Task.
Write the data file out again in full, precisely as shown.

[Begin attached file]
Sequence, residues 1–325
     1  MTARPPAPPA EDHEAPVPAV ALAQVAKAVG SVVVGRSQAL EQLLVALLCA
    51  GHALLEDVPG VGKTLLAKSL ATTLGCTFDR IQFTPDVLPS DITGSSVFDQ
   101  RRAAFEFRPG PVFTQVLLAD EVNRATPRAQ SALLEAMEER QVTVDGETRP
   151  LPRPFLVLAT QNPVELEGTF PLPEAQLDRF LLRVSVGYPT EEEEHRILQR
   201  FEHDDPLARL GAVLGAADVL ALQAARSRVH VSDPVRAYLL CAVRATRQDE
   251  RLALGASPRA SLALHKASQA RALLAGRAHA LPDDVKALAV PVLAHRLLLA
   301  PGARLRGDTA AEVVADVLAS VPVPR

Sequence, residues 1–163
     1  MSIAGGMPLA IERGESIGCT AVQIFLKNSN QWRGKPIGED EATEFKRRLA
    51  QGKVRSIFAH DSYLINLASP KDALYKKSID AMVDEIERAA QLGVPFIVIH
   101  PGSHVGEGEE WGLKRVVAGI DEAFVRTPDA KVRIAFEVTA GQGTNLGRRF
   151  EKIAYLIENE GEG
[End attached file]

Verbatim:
Sequence, residues 1–325
     1  MTARPPAPPA EDHEAPVPAV ALAQVAKAVG SVVVGRSQAL EQLLVALLCA
    51  GHALLEDVPG VGKTLLAKSL ATTLGCTFDR IQFTPDVLPS DITGSSVFDQ
   101  RRAAFEFRPG PVFTQVLLAD EVNRATPRAQ SALLEAMEER QVTVDGETRP
   151  LPRPFLVLAT QNPVELEGTF PLPEAQLDRF LLRVSVGYPT EEEEHRILQR
   201  FEHDDPLARL GAVLGAADVL ALQAARSRVH VSDPVRAYLL CAVRATRQDE
   251  RLALGASPRA SLALHKASQA RALLAGRAHA LPDDVKALAV PVLAHRLLLA
   301  PGARLRGDTA AEVVADVLAS VPVPR

Sequence, residues 1–163
     1  MSIAGGMPLA IERGESIGCT AVQIFLKNSN QWRGKPIGED EATEFKRRLA
    51  QGKVRSIFAH DSYLINLASP KDALYKKSID AMVDEIERAA QLGVPFIVIH
   101  PGSHVGEGEE WGLKRVVAGI DEAFVRTPDA KVRIAFEVTA GQGTNLGRRF
   151  EKIAYLIENE GEG